product. An inaugural board meeting was held last week.

Tocker was cagey about details, but said the combined investment in the
company was $2.5 million. Crop and Food's $1 million contribution is mainly in
intellectual property.

"I'm optimistic to have revenue within two years in that company, and maybe
earlier," he said.

Two other joint ventures, both already earning revenue, have been built on
seafood research at Mt Albert and Nelson.

Aqui-S, a 50-50 venture with Lower Hutt-based Fish Transport Ltd, makes a
tranquilliser which allows live fish to be harvested and transported without
getting agitated. It is used for salmon, lobsters, eels and other fish, and is
now profitable.

Cfine, an unincorporated partnership with Sealord, uses an extract from fish
to remove unwanted particles from wine and beer. The product was released
last April.

Crop and Food has two staff in Australia. A grain research programme is
under way there and a $20 million transtasman research project on the health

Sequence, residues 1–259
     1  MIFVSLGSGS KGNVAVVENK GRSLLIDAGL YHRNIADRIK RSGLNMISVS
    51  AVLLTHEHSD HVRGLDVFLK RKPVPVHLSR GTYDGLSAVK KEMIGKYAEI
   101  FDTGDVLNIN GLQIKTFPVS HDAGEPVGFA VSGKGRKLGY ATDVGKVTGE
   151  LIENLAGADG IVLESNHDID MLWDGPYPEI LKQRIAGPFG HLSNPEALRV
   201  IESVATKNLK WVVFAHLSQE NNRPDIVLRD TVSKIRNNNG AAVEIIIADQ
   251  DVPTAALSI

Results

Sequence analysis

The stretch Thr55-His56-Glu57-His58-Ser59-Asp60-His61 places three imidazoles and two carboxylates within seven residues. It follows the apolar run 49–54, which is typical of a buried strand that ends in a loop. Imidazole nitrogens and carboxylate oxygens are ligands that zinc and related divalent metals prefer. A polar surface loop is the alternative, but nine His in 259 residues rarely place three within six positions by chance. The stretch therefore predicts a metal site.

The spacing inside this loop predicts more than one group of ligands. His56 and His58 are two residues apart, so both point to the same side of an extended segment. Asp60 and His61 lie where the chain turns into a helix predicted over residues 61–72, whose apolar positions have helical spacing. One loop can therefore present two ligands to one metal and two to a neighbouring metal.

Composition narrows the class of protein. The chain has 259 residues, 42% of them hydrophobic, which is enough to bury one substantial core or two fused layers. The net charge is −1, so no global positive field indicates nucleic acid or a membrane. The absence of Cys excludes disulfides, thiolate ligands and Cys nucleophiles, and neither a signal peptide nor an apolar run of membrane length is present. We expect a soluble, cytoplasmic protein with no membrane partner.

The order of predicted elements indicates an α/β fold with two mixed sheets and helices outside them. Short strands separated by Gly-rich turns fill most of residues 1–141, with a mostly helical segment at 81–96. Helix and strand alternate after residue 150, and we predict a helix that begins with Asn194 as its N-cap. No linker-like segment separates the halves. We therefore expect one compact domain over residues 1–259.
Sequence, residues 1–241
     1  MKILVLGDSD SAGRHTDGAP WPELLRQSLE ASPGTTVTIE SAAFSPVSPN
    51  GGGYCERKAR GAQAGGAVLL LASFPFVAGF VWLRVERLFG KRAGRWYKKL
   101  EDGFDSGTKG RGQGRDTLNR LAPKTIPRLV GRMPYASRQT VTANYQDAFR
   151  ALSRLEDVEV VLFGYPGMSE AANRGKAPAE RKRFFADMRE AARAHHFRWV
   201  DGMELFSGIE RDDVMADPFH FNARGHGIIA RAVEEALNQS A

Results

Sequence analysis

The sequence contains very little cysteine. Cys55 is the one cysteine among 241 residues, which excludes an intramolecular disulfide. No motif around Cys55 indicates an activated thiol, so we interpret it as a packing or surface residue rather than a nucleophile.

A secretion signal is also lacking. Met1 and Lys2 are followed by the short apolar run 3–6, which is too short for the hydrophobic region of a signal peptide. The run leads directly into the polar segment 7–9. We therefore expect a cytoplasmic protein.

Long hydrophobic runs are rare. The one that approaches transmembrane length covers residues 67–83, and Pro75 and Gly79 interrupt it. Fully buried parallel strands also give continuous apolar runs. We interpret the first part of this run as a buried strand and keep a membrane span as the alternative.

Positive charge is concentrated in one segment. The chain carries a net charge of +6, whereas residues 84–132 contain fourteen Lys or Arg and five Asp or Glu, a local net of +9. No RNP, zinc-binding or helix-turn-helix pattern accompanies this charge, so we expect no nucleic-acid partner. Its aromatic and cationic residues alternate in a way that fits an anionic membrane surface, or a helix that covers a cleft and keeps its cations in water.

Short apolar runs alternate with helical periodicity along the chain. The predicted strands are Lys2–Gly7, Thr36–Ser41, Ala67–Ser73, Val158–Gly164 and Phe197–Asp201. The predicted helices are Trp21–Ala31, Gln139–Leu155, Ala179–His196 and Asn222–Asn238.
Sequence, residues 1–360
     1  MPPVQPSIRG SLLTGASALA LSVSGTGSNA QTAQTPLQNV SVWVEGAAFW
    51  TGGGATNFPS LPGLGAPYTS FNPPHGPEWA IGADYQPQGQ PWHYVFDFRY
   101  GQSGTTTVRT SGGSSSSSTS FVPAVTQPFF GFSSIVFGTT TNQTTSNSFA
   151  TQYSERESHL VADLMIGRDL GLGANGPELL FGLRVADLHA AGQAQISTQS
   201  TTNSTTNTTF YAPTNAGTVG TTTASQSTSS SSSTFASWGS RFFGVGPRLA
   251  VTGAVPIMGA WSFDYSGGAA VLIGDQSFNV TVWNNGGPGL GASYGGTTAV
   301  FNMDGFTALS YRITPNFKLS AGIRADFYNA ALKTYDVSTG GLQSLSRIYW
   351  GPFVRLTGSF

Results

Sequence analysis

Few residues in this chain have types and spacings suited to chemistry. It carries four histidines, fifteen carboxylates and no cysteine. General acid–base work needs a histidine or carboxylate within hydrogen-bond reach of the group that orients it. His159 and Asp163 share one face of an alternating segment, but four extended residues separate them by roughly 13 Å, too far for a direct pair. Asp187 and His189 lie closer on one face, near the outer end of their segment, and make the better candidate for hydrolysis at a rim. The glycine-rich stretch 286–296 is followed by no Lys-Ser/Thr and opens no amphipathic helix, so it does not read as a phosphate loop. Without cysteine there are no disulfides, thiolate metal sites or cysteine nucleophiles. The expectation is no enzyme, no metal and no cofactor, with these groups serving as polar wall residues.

benefits of vegetables is due to be announced in the next month.

The institute also sells its potato varieties such as Red Rascal and Golden
Delight through a three-way venture called Trimark with New South Wales
potato growers Rennie Family Potatoes and a Sydney marketing company, Moraitis
Fresh.

Through this company, Crop and Food potatoes are about to be tested for seed
production in Northern Ireland and then for marketing in Europe, North
Africa and the Mediterranean through Potato Breeders Northern Ireland.

"They were in Australia and liked what they were seeing, and for some
commercial reason the Irish had been shut out of Dutch varieties," Bezar said.

"So they were looking for an alternative place to get exclusive licences for
new varieties and stumbled across us through this Australian partner."